Wednesday, 22 September 2010

Public/Private Data and the Law

A bit of an update on a few things.

Firstly, these articles may be helpful to develop some of the legal and data security issues you need to understand:
In terms of the distinction between private and public data, I was interested to see some of the examples people were coming up with in class. Good examples of private data included information about criminal records, health records (with the specific example of records from an STD clinic), PIN details for bank cards, national insurance numbers and driving licence details.

I wonder, however, if there are ever cases where criminal records need to be made public - when someone is convicted their case may make the press, for example, and this is then a matter of puboic record (think of Pete Docharty for example - everyone knows he has a criminal record). I wonder, as well, whether there is an argument that sex offenders should, in some circumstances, have their details made public in some form?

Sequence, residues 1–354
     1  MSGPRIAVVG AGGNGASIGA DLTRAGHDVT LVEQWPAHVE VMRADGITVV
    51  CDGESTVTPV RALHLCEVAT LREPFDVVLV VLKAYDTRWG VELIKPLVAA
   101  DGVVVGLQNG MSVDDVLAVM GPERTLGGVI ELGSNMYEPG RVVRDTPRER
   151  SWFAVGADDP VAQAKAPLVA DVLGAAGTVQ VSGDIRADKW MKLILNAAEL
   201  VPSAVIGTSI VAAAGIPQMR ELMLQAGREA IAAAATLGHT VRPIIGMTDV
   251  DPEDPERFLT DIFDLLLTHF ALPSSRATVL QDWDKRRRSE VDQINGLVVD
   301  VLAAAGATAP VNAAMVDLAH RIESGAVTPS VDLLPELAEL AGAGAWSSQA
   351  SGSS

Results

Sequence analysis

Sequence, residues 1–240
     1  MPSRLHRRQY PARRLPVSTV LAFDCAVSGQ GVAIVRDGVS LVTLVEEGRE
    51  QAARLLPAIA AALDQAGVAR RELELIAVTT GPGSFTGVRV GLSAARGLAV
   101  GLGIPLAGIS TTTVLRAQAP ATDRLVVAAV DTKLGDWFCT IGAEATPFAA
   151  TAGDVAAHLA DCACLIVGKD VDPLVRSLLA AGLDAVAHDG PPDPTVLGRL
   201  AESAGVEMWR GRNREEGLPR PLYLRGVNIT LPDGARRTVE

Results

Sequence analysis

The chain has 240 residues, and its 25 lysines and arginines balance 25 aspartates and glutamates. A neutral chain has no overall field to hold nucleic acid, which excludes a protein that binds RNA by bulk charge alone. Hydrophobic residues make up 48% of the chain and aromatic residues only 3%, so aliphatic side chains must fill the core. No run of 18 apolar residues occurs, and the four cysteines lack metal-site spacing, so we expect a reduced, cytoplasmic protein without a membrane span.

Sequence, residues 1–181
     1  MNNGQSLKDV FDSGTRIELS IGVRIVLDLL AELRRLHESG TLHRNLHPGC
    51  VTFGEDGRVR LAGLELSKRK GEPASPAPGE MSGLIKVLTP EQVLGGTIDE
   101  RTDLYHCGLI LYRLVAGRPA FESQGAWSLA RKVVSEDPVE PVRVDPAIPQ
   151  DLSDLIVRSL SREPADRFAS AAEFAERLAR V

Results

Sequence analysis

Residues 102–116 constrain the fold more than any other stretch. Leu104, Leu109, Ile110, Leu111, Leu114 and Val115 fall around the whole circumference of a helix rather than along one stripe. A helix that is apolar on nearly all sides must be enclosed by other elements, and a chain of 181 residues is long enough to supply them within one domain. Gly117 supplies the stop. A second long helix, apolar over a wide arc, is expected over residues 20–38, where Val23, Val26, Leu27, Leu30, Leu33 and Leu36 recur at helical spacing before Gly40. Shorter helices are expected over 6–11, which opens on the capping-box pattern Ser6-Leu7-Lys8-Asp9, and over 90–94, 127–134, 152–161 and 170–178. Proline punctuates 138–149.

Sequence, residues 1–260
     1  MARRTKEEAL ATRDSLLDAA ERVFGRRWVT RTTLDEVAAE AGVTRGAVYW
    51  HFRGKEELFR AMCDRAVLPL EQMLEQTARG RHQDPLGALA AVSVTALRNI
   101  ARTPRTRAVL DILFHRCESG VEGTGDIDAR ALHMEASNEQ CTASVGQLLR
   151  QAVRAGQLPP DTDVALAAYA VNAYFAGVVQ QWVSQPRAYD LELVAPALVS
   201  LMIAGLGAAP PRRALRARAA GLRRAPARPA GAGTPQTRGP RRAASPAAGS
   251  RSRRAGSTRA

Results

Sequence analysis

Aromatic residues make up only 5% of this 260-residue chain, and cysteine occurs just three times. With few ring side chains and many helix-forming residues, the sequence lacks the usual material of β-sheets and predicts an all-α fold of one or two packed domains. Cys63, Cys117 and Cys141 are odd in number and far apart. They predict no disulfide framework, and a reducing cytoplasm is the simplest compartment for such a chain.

Interesting examples of public data included gender and your family relations, say through a family tree. I wonder, though, whether there are some people who may wish to keep their gender private? I think this happens - you may be able to find examples of history where this has happened as well (George Eliot for example).

Perhaps your relations might be a slightly tricky area as well. Some people may not want to reveal their who their relations are! If you think about typical bank security questions like "what's your mother's maiden name", then perhaps the information is actually something we should be a bit more concerned about.

I did wonder in class whether there was a difference between the amount of information people of my age like to keep private and the amount that people of your age make public? Facebook profiles, and other social networking sites, can contain an awful lot of information which, in the wrong hands, might be better to keep private...

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